Chemical abstracts, Volume 13, Issue 2, American Chemical Society. p1483 subarticle by Carl L. Alsberg.




Other Reactions involving liberation of Hydrogen from Organic Compounds

Wurtz found that ethylene glycol fused with solid potassium hydroxide yielded mostly potassium oxalate and hydrogen gas. The yield of hydrogen was 58% of that required by the below proposed reaction

C2H6O2 + 2KOH --> K2C2O4 + 4H2


Rosorcinol (1,3-dihydroxy-benzene) is similarly converted to phloroglucinol (1,3,5-trihydroxy-bezene) by fusion with sodium hydroxide, with the evolution of hydrogen.


These are both unusual examples of disproportionation reactions, where a compound is simultaneously oxidized and reduced.




J. Am. Chem. Soc., 1924, 46 (10), pp 2268–2275



Reaction Mechanism

I have a theory about how the reaction might proceed.


I think the reaction mechanism might involve the formation of an

HO-O-O-CH=O intermediate, and cylization of this intermediate to an unstable square ring, which could then decompose into O2, CO2, and H2


The driving force for the typically unfavorable formation of H2 would be the simultaneous formation of O2 and CO2, which are highly favorable.


The transient square ring would contain 3 atoms of oxygen and 1 atom of carbon, with an additional fourth oxygen, with a negetive charge on it, bonded to the carbon. A single atom of hydrogen would also be bonded to the carbon. The hydrogen atom on this ring would encounter a positively charged hydrogen ion from outside, which would pull out the negetive charge on the oxygen atom through the molecule. I am mostly writing this paragraph in the event that the accompanying picture stops working at some time.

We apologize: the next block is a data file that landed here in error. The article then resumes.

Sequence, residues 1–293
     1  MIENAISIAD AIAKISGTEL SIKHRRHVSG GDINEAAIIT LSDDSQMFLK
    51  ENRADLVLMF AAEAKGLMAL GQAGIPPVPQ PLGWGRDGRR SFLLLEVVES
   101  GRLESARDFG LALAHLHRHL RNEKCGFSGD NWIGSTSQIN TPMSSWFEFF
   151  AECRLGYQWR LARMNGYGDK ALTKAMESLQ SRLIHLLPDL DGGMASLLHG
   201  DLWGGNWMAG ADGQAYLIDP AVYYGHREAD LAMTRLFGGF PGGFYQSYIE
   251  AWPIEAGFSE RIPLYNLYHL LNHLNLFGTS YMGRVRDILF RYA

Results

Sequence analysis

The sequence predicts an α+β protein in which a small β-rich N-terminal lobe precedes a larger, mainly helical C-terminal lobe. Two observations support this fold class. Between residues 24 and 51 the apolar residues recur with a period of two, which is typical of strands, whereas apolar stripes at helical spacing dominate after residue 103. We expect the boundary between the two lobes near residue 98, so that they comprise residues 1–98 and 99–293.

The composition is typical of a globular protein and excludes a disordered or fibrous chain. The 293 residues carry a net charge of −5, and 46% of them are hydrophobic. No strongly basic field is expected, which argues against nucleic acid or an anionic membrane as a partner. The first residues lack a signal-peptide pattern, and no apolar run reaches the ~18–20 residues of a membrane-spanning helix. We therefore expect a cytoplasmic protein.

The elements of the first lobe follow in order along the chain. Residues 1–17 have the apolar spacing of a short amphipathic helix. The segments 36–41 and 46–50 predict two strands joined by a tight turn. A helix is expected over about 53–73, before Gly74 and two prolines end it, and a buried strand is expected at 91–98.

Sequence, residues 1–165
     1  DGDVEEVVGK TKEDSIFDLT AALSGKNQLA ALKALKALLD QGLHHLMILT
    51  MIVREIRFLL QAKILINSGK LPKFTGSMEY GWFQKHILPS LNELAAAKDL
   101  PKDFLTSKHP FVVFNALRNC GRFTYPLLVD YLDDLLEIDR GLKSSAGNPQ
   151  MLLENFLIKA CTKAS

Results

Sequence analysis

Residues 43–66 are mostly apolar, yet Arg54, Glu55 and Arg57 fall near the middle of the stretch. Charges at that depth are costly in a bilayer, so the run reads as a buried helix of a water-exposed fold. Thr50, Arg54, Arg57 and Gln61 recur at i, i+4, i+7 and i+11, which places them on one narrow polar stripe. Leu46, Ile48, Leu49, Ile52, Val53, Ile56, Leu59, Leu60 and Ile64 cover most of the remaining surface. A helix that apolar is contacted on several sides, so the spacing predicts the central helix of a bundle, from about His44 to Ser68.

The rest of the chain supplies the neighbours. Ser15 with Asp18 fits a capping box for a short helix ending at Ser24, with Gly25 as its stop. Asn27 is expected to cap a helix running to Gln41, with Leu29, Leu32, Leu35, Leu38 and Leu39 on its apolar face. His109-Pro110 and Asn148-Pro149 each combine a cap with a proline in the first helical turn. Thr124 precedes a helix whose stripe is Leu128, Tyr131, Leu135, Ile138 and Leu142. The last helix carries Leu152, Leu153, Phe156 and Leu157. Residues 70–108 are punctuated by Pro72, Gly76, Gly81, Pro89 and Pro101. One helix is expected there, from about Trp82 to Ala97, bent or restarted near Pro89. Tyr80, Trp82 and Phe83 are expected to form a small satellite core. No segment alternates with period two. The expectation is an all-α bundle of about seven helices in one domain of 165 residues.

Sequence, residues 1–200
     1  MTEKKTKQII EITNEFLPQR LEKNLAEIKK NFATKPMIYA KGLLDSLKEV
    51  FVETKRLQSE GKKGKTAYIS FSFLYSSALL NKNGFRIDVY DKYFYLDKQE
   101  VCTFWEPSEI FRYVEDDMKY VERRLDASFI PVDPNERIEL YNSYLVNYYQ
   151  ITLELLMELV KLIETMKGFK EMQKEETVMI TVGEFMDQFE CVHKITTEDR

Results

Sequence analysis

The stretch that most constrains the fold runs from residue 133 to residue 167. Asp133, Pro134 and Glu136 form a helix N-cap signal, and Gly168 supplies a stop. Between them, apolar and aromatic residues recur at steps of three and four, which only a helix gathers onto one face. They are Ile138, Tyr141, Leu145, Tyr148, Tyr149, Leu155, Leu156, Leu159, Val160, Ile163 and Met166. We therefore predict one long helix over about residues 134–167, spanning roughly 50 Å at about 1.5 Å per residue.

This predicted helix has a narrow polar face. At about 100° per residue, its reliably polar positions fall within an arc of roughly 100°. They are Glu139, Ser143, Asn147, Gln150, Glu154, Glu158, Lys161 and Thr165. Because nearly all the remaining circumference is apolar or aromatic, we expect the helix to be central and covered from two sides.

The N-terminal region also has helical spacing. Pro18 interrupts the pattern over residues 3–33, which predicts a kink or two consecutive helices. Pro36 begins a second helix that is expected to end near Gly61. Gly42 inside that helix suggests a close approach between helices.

If this is in fact correct, it suggests that the formation of hydrogen may actually be due to the oxidation of formic acid to carbon dioxide, rather than the direct oxidation of formaldehyde to formic acid.


It is known, for example, that dihydrogen trioxide, H2O3, has a transient existence in alkaline solution of hydrogen peroxide, and this could potentially be the reason that alkaline H2O2 acts as a stronger oxidizing agent.

H2O2 <==> HOO[-] + H[+]

H2O2 + HOO[-] <==> H2O3 + OH[-]


I really do not know if this is the correct reaction mechanism, or whether there is some other more predominant mechanism, but for now it seems like the best explanation for the liberation of hydrogen gas.



For pictures of the proposed reaction mechanism, you can see:


(third post down)




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Must you really cross-post everything you post on sciencemadness here as well? Half of what you say is completely unsupported drivel, though you have gotten somewhat better following your ban on scimad.